Many political officials in the Lone Star State said the law was needed to prevent various types of voter fraud, like someone using another person’s ID to cast a vote.
Critics say that forcing people to get government-issued IDs would disproportionately affect the state’s lower-income and minority voters, while at the same time intimidating them and suppressing their opportunity to vote.
These critics also say that many people in lower-income communities do not possess government-issued IDs for several reasons, including not having a driver's license because they can't afford a car. Others don't have a passport because they can't afford to travel.
“Chalk up another victory for fraud,” Texas Gov. Rick Perry wrote on his website after the judge's ruling. “Federal judges subverted the will of the people of Texas and undermined our effort to ensure fair and accurate elections. The Obama administration’s claim that it’s a burden to present a photo ID to vote simply defies common sense. I will continue to work with [Texas] Attorney General [Greg] Abbott to fight for the same right that other states already have to protect their elections.”
U.S. Attorney General Eric Holder commended the judge’s decision in a recent statement.
“Under the proposed law, many of those without required voter identification would be forced to travel great distances to get one -- and some would have to pay for the documents they might need to do so,” he said.
Currently, there are 19 states that have passed ID laws for voting, according to the Brennan Center for Justice at New York University School of Law.
And all of these states maintain the new voting laws will protect the integrity of this upcoming election as well as future ones, although there are few documented cases of people using phony IDs or trying to pass themselves off as someone else in order to vote.
Opponents, including the American Civil Liberties Union (ACLU) say the new restrictions are no more than modern versions of the poll taxes and literacy tests that for decades were used to disenfranchise voters in the South.
"Poll taxes and literacy tests have given way to more modern voter suppression tactics packaged as voter ID laws, restrictions to voter registration and cuts to early voting. With these new laws in effect, up to 5 million voters could be turned away at the polls in November," the ACLU charged recently.
Hollywood celebrities have joined the campaign against the restrictions, as in this video narrated by Whoopi Goldberg.
The ACLU notes that voter turnout in the 2008 election was the most racially diverse in American history, closing the longstanding gap between white and minority voter participation. It charges that the more restrictive voting laws are a response to the growing influence of voters who are not white males.
"States are making it harder and harder for people to vote, virtually guaranteeing that many people won’t really have the right at all," the ACLU said.
In Pennsylvania, Judge Robert Simpson upheld a March 2012 decision to implement a new voting ID law in that state, after individual plaintiffs filed an injunction and attended a lengthy hearing explaining how such laws would impact them and others in their communities.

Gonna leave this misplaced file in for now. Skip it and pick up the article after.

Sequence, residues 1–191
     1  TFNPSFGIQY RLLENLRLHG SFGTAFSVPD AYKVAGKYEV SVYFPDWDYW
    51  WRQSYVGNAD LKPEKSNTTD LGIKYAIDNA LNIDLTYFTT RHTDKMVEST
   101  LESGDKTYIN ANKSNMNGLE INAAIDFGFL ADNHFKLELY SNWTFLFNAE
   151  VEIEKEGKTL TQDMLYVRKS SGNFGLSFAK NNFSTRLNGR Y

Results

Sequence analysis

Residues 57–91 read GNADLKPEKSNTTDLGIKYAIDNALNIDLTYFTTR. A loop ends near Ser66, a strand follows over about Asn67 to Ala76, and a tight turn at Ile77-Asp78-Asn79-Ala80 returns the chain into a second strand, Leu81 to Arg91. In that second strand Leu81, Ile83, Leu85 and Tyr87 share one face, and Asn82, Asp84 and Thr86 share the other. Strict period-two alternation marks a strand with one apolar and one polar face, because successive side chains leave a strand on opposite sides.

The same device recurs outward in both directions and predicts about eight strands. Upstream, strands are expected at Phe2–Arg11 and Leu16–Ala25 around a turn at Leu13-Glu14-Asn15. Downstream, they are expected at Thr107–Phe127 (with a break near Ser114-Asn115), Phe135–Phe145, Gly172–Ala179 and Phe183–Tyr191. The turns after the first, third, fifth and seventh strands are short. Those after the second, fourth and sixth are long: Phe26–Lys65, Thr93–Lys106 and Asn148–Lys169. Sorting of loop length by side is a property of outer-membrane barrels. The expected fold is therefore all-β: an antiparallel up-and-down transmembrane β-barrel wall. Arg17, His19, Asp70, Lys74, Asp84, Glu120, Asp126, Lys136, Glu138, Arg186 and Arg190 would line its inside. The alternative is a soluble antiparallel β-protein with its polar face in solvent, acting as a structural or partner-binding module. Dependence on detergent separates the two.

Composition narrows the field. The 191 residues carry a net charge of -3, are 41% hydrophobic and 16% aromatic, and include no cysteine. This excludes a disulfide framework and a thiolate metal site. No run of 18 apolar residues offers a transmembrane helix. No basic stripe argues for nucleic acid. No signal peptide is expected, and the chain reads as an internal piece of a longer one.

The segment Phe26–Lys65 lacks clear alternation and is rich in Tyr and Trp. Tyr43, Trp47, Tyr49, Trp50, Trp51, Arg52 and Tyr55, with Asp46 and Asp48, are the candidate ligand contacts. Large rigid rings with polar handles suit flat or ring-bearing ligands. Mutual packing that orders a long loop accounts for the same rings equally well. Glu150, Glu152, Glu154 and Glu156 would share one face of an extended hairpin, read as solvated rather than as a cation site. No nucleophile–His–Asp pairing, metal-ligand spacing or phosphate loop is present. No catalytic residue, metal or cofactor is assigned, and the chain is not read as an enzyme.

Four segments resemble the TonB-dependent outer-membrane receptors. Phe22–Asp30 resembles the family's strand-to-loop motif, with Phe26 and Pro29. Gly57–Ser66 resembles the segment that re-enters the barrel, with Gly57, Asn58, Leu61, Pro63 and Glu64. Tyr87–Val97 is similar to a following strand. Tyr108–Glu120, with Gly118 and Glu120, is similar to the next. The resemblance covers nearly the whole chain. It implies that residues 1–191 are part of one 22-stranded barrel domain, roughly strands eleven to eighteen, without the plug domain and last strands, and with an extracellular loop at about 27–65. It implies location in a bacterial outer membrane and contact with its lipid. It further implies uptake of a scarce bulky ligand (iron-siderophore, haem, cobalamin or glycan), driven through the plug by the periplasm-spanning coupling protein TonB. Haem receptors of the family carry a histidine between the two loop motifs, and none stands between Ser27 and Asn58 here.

Attorneys for the plaintiffs said the law could keep at least 100,000 of the state’s residents from voting in this coming election.
“The vice is not in requiring photo identification, said lead plaintiff lawyer David Gersch. “The vice is in requiring photo identification that not everyone has or has the ability to obtain."
Of course Pennsylvania is a major swing state, and in recent years the state has swung left. In fact, it wasn’t since 1988 when George H. W. Bush won the presidential election over Michael Dukakis that Pennsylvanians pushed the Republican ticket through the victory tape. And many on the left feel the passing of the ID law is an obvious attempt to better even the Republican score.
Additionally, Democrats say the comments made by Rep. Mike Turzai, the Republican majority leader of the Pennsylvania House of Representatives, are proof that the state is trying to manipulate the upcoming presidential election by abruptly changing voting laws.
“Voter ID, which is going to allow Governor [Mitt] Romney to win the state of Pennsylvania? Done,” Turzai was overheard saying recently.
Pennsylvania Democrats pounced on Turzai’s comment, portraying it as an admission of partisan motivations in enacting the new law, renewing their charge that it is an effort to suppress Democratic votes.
In Florida state officials have also modified that state's voting laws, by shortening the allotted amount of time for early voting.
Last week the Justice Department’s Civil Rights Division upheld the modifications, but specified that residents have to get 96 hours for early voting over an eight-day period. However, the option to vote early on the Sunday right before the election has been removed. African Americans have traditionally turned out in large numbers on Sunday.
Republican Ken Detzner, Florida’s secretary of state and chief elections officer, sees the change as a benefit to Floridians and not a form of voter suppression.
“The approval of these changes is a tremendous victory for Florida voters,” he said. “In the areas of the state already able to implement the changes, we have seen how the changes offer more flexibility to vote, more accountability and faster reporting times on Election Day.”